The issue of viruses, ransomware, spyware and other forms of malware intended to cause harm, has become much more of a hot topic in recent years. However, this has not translated into a comparable increase in vigilance and due diligence when it comes to choosing software vendors and websites. Although many attacks come from vulnerabilities in software, it is far easier for malicious software to find its way into your corporate environment by allowing staff to install software themselves.
Malware is becoming more sophisticated, and the quantity of malicious software is quickly increasing. Technical solutions are evolving to protect against malware, but the concern voiced here is the culture of software installation and usage. When left unchecked, this can easily result in harm, loss of data, loss of reputation and business. Anti-malware solutions are essential but relying on such solutions while allowing any software to be installed by anyone for any reason is a dangerous approach. An extra level of defence is needed.
- Restrict endpoint permissions so that only key members of staff have the authority to install the software. Needing to involve an authorised person or team to have new software installed requires a justification which slows down the process. Whereas, if just one person is involved, they can easily install software on a whim with very little in the way of thought about the implications.
- Have a published white list of software for use within the business, and defined policies in place regarding how to install software, and how new software is selected. Promote awareness of software installation policies throughout the company. Again, this aims to slow down the installation process or, more precisely, increases the time between an end-user deciding they need a piece of software to the software being ready to use on their desktop.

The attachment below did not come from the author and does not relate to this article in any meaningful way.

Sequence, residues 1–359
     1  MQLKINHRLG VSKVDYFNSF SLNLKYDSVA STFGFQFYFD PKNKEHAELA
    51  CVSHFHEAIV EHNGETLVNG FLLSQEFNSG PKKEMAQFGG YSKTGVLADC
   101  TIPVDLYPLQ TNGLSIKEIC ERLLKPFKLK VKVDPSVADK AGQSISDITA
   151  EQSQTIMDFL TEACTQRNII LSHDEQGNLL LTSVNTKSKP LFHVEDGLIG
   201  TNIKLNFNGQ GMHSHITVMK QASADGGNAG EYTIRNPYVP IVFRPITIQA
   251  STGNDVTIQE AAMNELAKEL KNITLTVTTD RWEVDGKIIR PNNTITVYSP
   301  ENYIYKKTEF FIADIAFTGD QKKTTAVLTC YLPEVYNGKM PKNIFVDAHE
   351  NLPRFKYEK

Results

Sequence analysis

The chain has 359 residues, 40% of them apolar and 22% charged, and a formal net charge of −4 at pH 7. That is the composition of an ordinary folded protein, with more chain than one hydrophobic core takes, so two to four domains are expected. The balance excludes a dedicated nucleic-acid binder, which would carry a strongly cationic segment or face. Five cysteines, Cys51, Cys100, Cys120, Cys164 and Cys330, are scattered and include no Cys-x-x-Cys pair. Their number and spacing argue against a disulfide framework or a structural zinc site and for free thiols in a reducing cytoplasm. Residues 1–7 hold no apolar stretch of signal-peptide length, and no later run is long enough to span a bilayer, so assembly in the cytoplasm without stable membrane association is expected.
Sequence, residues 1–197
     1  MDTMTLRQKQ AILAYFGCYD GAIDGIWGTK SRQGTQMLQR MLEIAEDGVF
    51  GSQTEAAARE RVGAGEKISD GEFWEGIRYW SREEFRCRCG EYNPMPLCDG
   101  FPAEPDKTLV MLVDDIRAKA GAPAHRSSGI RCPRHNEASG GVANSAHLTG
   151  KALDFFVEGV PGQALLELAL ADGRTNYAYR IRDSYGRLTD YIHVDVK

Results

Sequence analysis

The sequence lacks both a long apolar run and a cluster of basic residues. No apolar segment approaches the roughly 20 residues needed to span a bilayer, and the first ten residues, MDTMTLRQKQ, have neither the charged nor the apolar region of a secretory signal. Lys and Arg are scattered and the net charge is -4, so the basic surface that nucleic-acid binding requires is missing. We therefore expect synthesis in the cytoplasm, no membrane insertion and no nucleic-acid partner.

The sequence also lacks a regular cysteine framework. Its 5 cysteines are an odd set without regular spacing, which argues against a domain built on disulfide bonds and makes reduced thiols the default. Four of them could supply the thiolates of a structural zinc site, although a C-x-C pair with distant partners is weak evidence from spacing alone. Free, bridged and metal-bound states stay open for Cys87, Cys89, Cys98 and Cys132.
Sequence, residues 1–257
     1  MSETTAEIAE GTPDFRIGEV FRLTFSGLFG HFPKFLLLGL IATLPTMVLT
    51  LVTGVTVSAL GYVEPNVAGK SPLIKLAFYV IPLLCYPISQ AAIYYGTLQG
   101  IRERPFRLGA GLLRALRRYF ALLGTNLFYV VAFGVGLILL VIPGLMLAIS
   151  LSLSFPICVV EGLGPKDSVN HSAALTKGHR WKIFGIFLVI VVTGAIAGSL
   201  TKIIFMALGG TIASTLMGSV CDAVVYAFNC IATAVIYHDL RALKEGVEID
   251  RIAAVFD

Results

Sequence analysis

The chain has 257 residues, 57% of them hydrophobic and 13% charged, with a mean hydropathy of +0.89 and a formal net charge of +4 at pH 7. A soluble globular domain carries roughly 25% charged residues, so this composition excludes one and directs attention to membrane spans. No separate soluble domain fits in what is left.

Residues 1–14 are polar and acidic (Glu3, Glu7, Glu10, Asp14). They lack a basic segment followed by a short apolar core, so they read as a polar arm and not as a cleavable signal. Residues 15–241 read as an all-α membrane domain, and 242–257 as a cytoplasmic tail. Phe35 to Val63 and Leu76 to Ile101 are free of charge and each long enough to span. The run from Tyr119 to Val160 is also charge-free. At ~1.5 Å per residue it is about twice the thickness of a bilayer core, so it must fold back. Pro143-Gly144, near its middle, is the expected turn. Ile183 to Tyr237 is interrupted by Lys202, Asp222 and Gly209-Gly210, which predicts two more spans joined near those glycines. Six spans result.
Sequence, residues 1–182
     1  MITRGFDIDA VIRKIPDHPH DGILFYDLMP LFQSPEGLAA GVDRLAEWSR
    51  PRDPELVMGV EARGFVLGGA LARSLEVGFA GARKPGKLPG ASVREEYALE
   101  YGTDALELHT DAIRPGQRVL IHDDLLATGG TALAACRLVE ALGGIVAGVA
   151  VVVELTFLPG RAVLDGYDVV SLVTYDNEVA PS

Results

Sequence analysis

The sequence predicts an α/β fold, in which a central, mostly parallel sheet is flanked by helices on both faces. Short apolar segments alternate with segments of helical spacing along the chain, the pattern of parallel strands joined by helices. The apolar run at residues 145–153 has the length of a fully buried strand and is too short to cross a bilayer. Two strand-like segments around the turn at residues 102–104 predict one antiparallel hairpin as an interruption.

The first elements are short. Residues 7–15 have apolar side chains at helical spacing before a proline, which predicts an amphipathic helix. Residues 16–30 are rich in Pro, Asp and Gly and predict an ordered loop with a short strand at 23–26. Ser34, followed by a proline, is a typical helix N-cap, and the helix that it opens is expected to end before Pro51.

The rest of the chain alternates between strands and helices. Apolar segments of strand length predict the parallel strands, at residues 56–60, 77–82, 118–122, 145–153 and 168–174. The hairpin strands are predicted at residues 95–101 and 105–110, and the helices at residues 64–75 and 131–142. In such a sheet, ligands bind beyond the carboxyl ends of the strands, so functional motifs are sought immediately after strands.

- Remove all unauthorised software. Implementation of software installation controls are often performed at a late stage in business development and seldom implemented during any start-up period. Therefore, it is highly likely that when there is a requirement to enforce control of software within a corporate environment, it is because the business has lost control of its software.
- Identify all executables on desktops and which application they belong to and remove all other executables. This approach can be time-consuming, and a more viable strategy is to define a standard image for endpoints which includes the operating system and all the software applications used by most staff. Applying this standard build will remove all traces of the previous installation and any unauthorised legacy software. The outcome is two-fold, cleanup of all old software, and control of new software.
- Don’t install software from unknown or untrusted sources. The fact is, it is effortless to search for software online, find anything that is needed, and install the software very quickly. Websites giving away malicious software often look very professional, and many sites mimic known websites to capitalise on the credibility of legitimate websites.
Slowing down the process and giving time for appropriate software to be chosen and installed is essential and cannot be over-emphasised.
Robert is an information security consultant with over 20 years of experience across a diverse range of organisations, both in the UK and internationally. Robert graduated in 1997 with an honours degree in software engineering for security and safety-critical systems. Robert is contactable directly through LinkedIn.